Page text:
Harry S. Truman Presidential Library & Museum

Lesson Plans for Conference at Yalta Activity
Derek Frieling
American History
Time Frame:
Part of one class period for introduction and one full class period for the debate.
World War II
Yalta Conference
World War II

Grade Levels:

Classroom/Homework Activity to be performed:

Students will fulfill the role of the political leaders at the Conference at Yalta and reenact the conference.  They will debate the issues discussed at the conference to determine if they come to the same ends as what actually happened in 1945.  Students will then predict the implications of the conference on the course of the Cold War and our world today.


Many historians agree that basis of the Cold War began at the Conference of Yalta in February 1945.  The leaders at the talks have been criticized for putting the world on the path that polarized the two super powers.  Through this role-play activity, students will become conscious of the motivated factors that led the delegates to come to their conclusions and realize the impact of these decisions.

The Conference at Yalta was the critical point that changed the relationship between the United States and the Soviet Union from that of allies to rivals.  The positioning for dominance in the post-World War II world would continue throughout the Cold War and especially during the Truman presidency.  The decisions made during the Conference at Yalta and the Truman Administration still are affecting the world today.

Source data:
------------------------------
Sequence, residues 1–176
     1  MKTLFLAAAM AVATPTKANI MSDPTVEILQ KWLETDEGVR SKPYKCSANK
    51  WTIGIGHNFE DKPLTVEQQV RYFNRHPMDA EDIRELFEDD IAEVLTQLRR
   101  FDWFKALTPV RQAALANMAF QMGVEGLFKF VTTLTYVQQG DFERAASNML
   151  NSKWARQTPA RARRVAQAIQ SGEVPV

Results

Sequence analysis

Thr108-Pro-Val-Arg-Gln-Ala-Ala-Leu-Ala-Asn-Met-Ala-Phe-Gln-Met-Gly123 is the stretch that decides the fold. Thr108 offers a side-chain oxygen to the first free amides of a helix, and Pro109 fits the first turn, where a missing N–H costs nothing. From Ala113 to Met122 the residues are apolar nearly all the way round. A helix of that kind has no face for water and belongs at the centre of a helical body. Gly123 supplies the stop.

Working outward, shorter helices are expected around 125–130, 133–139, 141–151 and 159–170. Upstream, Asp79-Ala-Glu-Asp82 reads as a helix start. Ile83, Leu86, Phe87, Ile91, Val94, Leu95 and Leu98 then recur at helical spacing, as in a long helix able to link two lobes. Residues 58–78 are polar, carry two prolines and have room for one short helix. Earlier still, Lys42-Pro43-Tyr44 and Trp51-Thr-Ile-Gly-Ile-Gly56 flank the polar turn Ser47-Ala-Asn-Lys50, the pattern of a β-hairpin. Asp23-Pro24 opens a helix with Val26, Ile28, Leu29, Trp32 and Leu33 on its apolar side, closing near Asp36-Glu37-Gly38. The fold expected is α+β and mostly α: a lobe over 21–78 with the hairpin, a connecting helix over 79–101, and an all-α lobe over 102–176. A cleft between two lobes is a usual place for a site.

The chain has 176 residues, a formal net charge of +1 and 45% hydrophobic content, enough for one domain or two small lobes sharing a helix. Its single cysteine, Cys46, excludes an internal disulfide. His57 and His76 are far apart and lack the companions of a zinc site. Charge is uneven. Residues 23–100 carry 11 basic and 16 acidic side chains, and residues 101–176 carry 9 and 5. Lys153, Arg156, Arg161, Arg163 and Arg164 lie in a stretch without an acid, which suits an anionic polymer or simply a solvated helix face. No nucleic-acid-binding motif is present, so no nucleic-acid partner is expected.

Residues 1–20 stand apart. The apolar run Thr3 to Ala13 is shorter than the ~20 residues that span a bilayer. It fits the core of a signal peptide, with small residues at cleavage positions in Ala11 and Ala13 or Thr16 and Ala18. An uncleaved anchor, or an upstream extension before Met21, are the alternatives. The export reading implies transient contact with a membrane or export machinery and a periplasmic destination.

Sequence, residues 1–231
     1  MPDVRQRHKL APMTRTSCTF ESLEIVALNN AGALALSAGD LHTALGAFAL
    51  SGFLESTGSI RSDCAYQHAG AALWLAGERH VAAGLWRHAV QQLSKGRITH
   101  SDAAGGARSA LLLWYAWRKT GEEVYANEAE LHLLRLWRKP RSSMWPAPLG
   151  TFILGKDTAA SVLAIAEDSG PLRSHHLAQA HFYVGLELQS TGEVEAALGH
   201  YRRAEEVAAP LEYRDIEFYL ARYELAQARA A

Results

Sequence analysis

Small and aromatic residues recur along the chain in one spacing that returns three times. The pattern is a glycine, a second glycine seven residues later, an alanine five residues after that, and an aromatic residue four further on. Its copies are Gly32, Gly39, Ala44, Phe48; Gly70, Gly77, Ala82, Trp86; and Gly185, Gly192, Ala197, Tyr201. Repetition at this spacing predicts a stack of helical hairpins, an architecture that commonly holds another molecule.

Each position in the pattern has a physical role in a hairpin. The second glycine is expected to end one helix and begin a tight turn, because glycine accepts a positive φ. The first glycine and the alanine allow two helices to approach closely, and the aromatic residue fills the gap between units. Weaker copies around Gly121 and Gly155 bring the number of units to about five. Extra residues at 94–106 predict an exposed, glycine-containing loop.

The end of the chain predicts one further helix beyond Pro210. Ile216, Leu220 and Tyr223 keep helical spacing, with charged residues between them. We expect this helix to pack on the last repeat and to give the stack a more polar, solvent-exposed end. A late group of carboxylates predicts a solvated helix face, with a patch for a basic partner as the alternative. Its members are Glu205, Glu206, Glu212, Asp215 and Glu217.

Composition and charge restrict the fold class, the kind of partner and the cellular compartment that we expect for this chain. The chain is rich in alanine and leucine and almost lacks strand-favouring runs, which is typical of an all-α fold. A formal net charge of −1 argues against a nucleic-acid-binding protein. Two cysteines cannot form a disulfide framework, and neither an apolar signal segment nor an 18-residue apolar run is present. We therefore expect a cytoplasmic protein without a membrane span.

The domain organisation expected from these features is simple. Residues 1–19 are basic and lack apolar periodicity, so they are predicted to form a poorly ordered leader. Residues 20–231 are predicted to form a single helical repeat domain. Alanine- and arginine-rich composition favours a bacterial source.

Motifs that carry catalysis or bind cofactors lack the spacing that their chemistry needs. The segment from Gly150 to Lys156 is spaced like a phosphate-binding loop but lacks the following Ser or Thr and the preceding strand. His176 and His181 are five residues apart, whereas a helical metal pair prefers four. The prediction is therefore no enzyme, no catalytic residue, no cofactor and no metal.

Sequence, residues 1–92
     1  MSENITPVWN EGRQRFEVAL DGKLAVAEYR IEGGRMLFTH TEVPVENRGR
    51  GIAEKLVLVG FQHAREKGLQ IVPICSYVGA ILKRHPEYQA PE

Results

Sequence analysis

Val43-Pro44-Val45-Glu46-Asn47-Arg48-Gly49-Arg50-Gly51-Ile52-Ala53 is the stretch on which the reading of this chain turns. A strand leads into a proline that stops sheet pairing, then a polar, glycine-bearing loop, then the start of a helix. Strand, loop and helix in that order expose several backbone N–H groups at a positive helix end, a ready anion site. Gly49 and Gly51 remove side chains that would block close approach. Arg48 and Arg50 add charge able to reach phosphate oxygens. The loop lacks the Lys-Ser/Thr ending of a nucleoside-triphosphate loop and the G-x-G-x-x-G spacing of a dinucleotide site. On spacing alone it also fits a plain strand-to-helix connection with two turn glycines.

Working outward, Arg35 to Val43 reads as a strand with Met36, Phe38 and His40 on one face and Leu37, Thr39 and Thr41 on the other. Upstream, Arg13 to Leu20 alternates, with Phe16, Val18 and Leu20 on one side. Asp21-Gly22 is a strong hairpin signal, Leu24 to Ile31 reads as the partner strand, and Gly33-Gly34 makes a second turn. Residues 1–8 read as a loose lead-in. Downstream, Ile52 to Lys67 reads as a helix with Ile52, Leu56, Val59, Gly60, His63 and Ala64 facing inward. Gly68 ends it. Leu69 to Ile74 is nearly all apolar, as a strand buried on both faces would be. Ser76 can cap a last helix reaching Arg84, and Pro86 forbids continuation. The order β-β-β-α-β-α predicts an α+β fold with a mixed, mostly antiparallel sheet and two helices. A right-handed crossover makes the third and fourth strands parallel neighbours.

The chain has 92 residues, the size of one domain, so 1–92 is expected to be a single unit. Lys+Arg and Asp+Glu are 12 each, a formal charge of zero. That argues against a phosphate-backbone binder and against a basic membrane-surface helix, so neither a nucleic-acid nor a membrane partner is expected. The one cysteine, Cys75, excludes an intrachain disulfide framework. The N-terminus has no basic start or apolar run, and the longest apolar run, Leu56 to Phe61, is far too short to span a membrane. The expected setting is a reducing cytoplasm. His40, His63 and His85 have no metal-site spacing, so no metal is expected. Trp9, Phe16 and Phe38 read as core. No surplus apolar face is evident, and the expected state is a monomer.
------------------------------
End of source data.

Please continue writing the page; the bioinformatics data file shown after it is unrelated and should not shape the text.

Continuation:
District, state, or national performance and knowledge standards/goals/skills met:

MO Standards: 

2. Continuity and change in the history of Missouri, the United States and the world

6. Relationships of the individual and groups to institutions and cultural traditions

7. The use of tools of social science inquiry (such as surveys, statistics, maps, documents)

2aD-Describe and evaluate the evolution of the United States domestic and foreign policy including the Cold War.

2bG-Examine the wars of the 20th century, including:  causes, comparisons, consequences, and peace efforts.

3B-Compare and contrast governmental systems, current and historical, including those that are democratic and totalitarian.

7B-Distinguish between primary and secondary sources.


Kansas Standards

Benchmark 3: The student uses a working knowledge and understanding of individuals, groups, ideas, developments, and turning points in the era of the Cold War (1945-1990).

1. (K) explains why the United States emerged as a superpower as the result of World War II.

2.(A) analyzes the origins of the Cold War (e.g., establishment of the Soviet Bloc, Mao’s victory in China, Marshall Plan, Berlin Blockade, Iron Curtain).

3. (A) evaluates the foreign policies of Truman and Eisenhower during the Cold War (e.g., establishment of the United Nations, containment, NATO, Truman Doctrine, Berlin Blockade, Korean War, Iron Curtain, U-2 incident).

Secondary materials (book, article, video documentary, etc.) needed:

Ferrell, Robert H.  Harry S. Truman:  A Life.  Columbia, MO:  University of Missouri Press, 1994.